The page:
Trades are nothing more than an exchange of assets in the service of improving the roster or otherwise making the product more appealing. Sending away a C-grade prospect or three, one of whom might turn into a poor-man's Tim Byrdak, to Miami for the home-run sculpture would not improve the roster but it would indeed make the product more appealing. The White Sox's sense of defiant whimsy -- this is the team that once boasted a paying customer with two broken arms -- has set them apart from the blue-blood municipal rivals to the north. Well, that and the lack of ticket sales. So consider this opportunity for arbitrage at the Marlins' enduring expense another point of distinction. 

And, no, reconstructing the home run sculpture is not an acceptable workaround. This needs to be a direct trade. The sculpture itself needs to be transported via wide-load flatbed from Marlins Park to the House of Down Arrows ... 

Yes, people can follow along via social media as the statue makes its 21-hour or so journey north or watch the statue cam as the route unfolds before it. It'll be installed in advance of the April 5 home opener against Detroit. Before batting practice, Frank Thomas, outfitted in the Sox's short-pant unis that they wore on Aug. 8, 1976, can take a few BP cuts until he launches one, thus rousing the thing to life for the first time in franchise history ... 

As for the glorious specifics, the home-run sculpture -- to be renamed the South Side Ding Dong Idol -- will be left fully intact with all that South Florida flora and fauna. We'll put a historical marker astride it that explains that how this thing from Miami wound up on 35th Street in Chicago. It was a trade, you see. Add seats with four-point seat belts and cage protection to the flying fish and sell tickets to sit in them, all in the hopes that Yoan Moncada sends you for a ride. A few dozen seats in the 157 and 158 sections will give their lives for this virtuous cause, but, well, no one was sitting there anyway. Soon, though, people will be clamoring for a spot in tantalizing adjacency to Rick Hahn's latest addition. Maybe this promising rebuild will somehow wind up disappointing the rooters in the end, but at least they'll have the South Side Ding Dong Idol.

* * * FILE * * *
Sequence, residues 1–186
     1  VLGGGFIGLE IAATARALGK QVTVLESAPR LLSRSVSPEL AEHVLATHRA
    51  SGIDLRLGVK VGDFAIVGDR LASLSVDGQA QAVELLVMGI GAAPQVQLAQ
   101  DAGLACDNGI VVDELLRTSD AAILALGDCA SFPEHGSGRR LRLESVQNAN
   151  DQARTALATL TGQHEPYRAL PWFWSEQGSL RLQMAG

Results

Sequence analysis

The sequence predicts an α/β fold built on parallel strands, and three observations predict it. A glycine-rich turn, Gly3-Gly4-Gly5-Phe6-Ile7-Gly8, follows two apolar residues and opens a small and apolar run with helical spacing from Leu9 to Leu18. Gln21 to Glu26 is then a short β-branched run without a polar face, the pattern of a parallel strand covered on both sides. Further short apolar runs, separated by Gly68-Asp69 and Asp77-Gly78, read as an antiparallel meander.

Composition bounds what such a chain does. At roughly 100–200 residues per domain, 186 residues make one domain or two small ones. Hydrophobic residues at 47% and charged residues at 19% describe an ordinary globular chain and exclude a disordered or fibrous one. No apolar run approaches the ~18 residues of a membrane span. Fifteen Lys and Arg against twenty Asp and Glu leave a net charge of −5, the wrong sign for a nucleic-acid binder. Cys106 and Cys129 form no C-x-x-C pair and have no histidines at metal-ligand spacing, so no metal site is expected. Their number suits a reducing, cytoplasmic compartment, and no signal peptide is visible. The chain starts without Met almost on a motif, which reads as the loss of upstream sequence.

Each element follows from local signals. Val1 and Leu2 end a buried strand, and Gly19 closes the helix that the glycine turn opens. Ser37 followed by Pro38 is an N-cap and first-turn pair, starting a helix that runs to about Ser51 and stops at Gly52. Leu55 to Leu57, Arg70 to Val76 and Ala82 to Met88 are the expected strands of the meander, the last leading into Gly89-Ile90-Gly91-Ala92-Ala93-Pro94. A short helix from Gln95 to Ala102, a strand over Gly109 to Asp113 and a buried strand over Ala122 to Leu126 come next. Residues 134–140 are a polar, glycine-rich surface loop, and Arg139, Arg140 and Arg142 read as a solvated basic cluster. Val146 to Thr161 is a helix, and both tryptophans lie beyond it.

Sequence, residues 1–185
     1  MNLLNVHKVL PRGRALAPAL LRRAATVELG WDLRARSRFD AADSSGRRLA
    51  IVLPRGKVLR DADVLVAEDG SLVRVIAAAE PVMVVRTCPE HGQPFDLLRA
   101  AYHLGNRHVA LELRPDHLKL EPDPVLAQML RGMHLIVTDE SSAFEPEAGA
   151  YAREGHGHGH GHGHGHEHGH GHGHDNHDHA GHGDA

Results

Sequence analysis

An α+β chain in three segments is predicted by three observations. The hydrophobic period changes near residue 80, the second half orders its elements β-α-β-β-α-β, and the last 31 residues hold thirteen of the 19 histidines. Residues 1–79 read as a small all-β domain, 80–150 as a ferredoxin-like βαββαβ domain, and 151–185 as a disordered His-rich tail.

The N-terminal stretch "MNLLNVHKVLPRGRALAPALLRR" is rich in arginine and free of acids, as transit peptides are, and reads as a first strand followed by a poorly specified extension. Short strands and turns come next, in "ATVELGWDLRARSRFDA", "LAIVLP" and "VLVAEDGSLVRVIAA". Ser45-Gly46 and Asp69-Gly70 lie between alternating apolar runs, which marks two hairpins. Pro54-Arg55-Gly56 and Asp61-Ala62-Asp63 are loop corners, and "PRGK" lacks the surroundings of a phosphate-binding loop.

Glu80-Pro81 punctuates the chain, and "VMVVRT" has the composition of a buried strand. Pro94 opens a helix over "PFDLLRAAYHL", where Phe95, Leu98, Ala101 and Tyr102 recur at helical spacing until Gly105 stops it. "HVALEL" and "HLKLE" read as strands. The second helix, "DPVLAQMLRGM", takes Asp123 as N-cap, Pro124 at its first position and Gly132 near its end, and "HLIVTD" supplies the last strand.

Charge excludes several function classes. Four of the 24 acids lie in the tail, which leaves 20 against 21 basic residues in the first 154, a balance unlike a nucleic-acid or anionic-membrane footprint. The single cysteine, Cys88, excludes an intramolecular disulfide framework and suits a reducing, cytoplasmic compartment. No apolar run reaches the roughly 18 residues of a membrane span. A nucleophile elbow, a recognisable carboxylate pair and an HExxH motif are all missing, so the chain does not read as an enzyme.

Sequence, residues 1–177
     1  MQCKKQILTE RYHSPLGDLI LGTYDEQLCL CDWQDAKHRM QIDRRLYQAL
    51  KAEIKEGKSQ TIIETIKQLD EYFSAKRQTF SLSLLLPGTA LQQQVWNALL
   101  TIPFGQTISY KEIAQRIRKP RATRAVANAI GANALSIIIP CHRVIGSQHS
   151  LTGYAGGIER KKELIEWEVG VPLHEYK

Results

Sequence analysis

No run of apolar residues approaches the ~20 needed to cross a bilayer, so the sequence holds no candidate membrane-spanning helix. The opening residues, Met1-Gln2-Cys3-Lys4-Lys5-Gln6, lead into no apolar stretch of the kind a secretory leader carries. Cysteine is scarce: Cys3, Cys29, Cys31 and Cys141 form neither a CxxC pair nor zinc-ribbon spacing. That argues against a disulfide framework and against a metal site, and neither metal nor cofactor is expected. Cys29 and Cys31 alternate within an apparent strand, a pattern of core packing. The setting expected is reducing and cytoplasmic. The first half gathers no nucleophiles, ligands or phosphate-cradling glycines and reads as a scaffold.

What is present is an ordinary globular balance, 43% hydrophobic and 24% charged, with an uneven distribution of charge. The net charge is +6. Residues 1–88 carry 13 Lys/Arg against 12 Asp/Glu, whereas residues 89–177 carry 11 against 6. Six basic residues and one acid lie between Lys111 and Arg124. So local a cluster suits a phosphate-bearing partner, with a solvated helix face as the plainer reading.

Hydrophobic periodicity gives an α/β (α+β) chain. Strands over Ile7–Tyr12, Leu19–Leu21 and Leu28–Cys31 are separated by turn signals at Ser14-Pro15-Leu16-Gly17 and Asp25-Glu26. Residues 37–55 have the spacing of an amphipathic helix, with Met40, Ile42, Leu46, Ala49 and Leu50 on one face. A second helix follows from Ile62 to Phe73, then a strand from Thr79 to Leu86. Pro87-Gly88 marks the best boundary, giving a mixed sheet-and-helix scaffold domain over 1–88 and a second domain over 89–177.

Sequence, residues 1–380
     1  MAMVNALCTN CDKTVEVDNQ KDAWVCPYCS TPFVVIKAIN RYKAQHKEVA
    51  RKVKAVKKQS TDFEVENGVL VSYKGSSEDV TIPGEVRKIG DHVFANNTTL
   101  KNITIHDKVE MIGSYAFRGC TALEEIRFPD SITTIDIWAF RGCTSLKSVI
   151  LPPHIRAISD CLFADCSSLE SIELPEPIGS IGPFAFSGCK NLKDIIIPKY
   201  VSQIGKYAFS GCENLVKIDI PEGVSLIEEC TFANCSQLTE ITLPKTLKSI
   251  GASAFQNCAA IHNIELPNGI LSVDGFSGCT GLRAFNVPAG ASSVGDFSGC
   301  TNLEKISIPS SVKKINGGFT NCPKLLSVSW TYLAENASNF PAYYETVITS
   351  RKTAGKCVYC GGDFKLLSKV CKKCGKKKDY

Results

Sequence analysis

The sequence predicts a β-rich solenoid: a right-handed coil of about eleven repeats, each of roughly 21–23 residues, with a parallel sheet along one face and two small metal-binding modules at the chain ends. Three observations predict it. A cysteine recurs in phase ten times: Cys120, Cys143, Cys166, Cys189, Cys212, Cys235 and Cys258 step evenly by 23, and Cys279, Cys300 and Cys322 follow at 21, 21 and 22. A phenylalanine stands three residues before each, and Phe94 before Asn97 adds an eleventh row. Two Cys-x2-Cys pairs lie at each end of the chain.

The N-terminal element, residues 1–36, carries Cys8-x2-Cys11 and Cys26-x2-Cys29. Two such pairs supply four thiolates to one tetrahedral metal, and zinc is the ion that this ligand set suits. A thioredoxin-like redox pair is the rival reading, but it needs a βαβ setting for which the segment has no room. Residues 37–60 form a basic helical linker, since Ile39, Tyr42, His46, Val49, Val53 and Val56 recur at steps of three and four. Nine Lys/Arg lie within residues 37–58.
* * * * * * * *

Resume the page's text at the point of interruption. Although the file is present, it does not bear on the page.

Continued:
It goes a little something like this:

comiskey-marlins-homer.jpg

(Photoshoppage by the lovely and talented @SuperIgor)

And the people say: Hang that in the Louvre or let there be no Louvre. 

Would Bill Veeck approve of what you see above? Bill Veeck would approve of what you see above. The spectral presence of Bill Veeck does approve of what you see above. So herein fail not, White Sox. Only you can save the home-run sculpture and, by extension, all of us. 

(By the way, if you're wondering what the sculpture would look like if transported to Texas, @nick_pants has you covered.)

CBS Sports Writer

Dayn Perry has been a baseball writer for CBS Sports since early 2012. Prior to that, he wrote for FOXSports.com and ESPN.com. He's the author of three books, the most recent being Reggie Jackson: The... Full Bio